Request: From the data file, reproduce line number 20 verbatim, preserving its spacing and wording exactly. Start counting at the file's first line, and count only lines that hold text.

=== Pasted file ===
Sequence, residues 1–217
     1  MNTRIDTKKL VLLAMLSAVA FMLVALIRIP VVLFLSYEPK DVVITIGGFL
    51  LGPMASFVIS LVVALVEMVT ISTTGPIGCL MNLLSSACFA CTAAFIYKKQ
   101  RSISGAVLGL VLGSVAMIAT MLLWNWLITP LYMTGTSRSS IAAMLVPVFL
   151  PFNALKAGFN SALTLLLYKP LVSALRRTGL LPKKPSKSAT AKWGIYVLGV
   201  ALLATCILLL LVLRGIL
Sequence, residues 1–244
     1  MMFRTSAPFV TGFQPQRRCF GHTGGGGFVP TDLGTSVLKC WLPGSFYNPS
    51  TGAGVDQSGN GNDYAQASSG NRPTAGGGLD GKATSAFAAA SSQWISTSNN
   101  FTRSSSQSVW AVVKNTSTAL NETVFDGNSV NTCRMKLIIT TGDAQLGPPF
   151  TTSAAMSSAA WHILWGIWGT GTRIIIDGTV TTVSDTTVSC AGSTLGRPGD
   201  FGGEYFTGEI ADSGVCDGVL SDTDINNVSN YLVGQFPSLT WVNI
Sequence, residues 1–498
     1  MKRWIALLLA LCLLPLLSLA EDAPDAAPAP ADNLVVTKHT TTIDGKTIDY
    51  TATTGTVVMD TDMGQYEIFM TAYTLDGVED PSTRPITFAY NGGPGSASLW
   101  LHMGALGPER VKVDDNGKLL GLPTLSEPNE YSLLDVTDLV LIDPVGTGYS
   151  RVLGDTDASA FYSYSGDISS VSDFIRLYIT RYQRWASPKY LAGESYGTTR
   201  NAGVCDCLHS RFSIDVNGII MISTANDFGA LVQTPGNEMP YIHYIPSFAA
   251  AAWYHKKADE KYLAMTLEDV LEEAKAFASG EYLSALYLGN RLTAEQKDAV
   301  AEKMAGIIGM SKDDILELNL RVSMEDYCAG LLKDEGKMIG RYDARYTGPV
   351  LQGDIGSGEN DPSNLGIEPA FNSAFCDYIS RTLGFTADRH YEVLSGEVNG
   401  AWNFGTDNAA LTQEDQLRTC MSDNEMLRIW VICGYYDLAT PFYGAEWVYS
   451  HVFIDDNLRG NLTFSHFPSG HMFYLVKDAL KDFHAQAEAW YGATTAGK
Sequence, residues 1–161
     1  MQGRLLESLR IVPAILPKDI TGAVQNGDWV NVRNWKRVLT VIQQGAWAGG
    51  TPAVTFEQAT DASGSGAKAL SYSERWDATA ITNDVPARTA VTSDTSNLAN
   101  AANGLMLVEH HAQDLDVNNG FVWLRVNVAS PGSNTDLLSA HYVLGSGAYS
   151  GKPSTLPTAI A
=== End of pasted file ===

   301  AEKMAGIIGM SKDDILELNL RVSMEDYCAG LLKDEGKMIG RYDARYTGPV